The only coach under Snyder who had similar influence to Gibbs's was Marty Schottenheimer, who was given carte blanche on football matters in 2001. Snyder later admitted that the decision to grant Schottenheimer total control stemmed partly from criticism that he was too involved with personnel decisions.
The Redskins started 0-5 that season before finishing 8-8. Although Schottenheimer regularly interacted with Snyder, the head coach kept his owner from any meaningful involvement, according to one former defensive assistant with the team who spoke on condition of anonymity. Following one season, Snyder fired Schottenheimer after he refused to cede any authority. Two people who know Snyder said the dismissal came because the owner was miserable without any involvement.
"Marty had control but not total support from Dan," said an NFL front-office official. "Dan has a special relationship with Joe. I'm sure Joe includes Dan in all the conversations about the team. Dan is very comfortable with Joe. Despite the record, I hear the stability at that place [Redskins Park] is as good as it's ever been."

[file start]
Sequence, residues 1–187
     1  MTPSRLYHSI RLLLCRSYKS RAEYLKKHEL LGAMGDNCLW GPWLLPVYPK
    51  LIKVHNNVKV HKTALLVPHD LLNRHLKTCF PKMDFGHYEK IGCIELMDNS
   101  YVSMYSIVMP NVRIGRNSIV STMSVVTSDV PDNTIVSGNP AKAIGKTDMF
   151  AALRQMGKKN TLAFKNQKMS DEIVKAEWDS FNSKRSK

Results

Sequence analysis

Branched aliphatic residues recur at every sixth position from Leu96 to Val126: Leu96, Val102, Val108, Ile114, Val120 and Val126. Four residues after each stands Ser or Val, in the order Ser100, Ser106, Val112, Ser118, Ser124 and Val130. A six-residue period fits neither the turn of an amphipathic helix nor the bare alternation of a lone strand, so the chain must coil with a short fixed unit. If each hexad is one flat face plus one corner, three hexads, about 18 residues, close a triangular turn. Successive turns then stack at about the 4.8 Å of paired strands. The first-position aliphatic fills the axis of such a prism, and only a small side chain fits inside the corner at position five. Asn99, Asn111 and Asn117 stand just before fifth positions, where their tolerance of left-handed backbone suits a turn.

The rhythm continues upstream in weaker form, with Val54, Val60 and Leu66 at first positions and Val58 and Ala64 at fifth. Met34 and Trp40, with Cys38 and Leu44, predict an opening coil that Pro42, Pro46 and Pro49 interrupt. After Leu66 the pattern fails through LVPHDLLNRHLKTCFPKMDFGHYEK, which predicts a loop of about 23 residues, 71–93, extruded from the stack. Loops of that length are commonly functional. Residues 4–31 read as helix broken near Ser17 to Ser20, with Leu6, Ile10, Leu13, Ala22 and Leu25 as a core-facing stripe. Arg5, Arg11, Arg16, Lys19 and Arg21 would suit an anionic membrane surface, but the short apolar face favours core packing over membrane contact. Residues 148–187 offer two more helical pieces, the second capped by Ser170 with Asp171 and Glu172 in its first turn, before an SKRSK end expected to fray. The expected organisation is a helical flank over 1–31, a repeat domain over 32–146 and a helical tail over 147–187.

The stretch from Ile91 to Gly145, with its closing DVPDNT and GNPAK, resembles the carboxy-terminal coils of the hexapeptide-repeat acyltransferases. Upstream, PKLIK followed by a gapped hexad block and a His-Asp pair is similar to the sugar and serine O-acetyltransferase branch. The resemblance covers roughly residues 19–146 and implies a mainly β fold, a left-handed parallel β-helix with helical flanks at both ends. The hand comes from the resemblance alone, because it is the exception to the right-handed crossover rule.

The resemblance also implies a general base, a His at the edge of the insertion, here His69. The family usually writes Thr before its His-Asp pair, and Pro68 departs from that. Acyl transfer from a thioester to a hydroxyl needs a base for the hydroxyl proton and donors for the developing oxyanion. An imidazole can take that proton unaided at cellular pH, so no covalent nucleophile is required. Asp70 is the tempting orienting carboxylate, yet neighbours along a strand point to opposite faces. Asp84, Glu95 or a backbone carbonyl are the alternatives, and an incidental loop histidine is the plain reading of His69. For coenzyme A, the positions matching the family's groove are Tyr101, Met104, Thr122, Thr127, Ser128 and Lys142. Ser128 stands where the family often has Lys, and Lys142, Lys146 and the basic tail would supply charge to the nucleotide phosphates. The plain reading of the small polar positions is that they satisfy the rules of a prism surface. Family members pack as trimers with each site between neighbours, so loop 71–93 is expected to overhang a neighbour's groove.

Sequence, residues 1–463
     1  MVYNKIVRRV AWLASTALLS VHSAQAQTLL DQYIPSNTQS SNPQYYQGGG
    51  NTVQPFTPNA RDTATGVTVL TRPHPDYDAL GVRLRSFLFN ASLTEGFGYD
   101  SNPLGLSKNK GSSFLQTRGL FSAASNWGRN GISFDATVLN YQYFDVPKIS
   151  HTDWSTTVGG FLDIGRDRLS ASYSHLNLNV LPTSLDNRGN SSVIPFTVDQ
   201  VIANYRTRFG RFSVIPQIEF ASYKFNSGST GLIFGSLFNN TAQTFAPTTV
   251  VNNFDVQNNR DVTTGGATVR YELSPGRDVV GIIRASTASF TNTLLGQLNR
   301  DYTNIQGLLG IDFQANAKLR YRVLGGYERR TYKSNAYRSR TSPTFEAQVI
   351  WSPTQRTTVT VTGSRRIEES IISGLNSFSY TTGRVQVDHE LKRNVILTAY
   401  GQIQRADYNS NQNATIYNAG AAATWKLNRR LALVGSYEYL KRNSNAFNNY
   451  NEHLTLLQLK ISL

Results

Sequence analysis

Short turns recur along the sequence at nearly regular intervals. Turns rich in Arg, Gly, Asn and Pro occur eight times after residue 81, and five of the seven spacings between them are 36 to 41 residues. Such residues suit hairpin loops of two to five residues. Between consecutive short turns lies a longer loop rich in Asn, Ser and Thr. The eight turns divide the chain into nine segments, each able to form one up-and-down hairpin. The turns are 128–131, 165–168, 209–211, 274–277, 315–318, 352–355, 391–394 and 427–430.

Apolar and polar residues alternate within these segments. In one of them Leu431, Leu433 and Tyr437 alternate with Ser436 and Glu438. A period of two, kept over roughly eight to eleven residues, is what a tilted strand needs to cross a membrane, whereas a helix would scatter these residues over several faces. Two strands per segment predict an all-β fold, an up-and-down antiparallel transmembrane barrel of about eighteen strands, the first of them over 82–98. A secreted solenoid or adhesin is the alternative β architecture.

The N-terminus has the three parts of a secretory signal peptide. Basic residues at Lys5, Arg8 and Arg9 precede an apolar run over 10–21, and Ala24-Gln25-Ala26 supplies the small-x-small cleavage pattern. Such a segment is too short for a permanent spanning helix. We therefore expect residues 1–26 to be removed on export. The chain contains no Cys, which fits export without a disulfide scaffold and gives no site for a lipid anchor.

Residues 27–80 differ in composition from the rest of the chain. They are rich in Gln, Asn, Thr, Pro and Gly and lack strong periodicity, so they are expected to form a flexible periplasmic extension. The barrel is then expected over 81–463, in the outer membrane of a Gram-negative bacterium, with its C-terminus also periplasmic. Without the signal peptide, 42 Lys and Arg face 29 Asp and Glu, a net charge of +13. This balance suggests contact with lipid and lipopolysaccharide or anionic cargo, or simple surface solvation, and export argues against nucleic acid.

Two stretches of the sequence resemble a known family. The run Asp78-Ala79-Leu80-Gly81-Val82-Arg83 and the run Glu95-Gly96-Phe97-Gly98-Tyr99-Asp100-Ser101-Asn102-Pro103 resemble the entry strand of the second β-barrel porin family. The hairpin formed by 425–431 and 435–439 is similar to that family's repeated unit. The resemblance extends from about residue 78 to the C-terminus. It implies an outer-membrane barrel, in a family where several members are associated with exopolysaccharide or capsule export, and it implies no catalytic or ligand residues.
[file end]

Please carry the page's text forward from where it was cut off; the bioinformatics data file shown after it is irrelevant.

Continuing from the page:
The only time Gibbs's assistants regularly see Snyder is on the plane ride during road trips. Snyder sits next to Dwight C. Schar, a minority Redskins owner, at the front of first class; Gibbs sits across the aisle next to Joe Bugel, the assistant head coach-offense.
After games, Snyder has a habit of going into the locker room to exchange small talk with players or coaches. Snyder is generally upbeat, players said, but his demeanor is usually based on the game's outcome. Snyder mingles with players and coaches for a few minutes before leaving.
Last year, coach Steve Spurrier met with Snyder in the owner's office at Redskins Park every Tuesday to discuss the team. But by the end of the season, Spurrier stopped attending as the Redskins lost nine of their last 11 games.
Although Snyder and Gibbs have phone conversations a few times each week, the two don't hold any regularly scheduled meetings. A get-together is quickly arranged when a critical football decision is pending. "Anything that's of importance, we get together on," Gibbs said.
Cerrato interacts with Gibbs significantly more than Snyder does, seeing Gibbs daily and occasionally sitting in on late-night meetings by the coaching staff. Because Cerrato talks to Snyder constantly, he sometimes serves as a liaison between the owner and coach. According to people familiar with Snyder, Cerrato -- who did not return a telephone call seeking comment for this article -- bares the brunt of the owner's wrath when things go wrong.